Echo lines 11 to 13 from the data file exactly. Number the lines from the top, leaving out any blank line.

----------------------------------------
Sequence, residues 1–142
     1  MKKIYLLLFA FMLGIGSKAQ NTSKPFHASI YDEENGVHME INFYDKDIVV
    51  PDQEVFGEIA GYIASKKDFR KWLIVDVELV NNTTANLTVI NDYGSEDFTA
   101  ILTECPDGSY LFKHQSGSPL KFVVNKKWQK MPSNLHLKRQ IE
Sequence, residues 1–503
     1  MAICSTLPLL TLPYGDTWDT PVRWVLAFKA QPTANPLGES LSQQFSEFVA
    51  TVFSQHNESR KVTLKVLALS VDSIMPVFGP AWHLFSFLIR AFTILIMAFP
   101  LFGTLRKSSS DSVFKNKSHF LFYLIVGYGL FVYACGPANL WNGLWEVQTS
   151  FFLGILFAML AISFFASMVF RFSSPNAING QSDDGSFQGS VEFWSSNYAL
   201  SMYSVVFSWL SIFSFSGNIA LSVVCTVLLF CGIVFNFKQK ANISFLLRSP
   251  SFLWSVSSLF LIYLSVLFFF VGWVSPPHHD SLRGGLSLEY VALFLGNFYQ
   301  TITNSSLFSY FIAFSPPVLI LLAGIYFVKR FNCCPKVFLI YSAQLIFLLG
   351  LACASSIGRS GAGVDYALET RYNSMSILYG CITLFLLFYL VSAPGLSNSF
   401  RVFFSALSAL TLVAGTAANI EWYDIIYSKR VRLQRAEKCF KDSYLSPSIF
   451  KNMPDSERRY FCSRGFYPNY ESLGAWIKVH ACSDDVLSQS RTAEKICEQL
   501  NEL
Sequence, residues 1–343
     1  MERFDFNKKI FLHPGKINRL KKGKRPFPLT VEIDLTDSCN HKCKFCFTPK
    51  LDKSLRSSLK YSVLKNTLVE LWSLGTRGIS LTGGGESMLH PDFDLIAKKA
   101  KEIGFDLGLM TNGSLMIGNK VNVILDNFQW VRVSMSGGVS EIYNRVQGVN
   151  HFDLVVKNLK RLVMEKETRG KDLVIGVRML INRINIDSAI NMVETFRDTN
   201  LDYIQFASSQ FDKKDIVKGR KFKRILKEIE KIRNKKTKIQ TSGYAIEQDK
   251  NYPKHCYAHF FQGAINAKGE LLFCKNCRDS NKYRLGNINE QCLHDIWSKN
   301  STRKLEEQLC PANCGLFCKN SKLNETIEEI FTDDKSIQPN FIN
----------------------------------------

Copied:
   251  SFLWSVSSLF LIYLSVLFFF VGWVSPPHHD SLRGGLSLEY VALFLGNFYQ
   301  TITNSSLFSY FIAFSPPVLI LLAGIYFVKR FNCCPKVFLI YSAQLIFLLG
   351  LACASSIGRS GAGVDYALET RYNSMSILYG CITLFLLFYL VSAPGLSNSF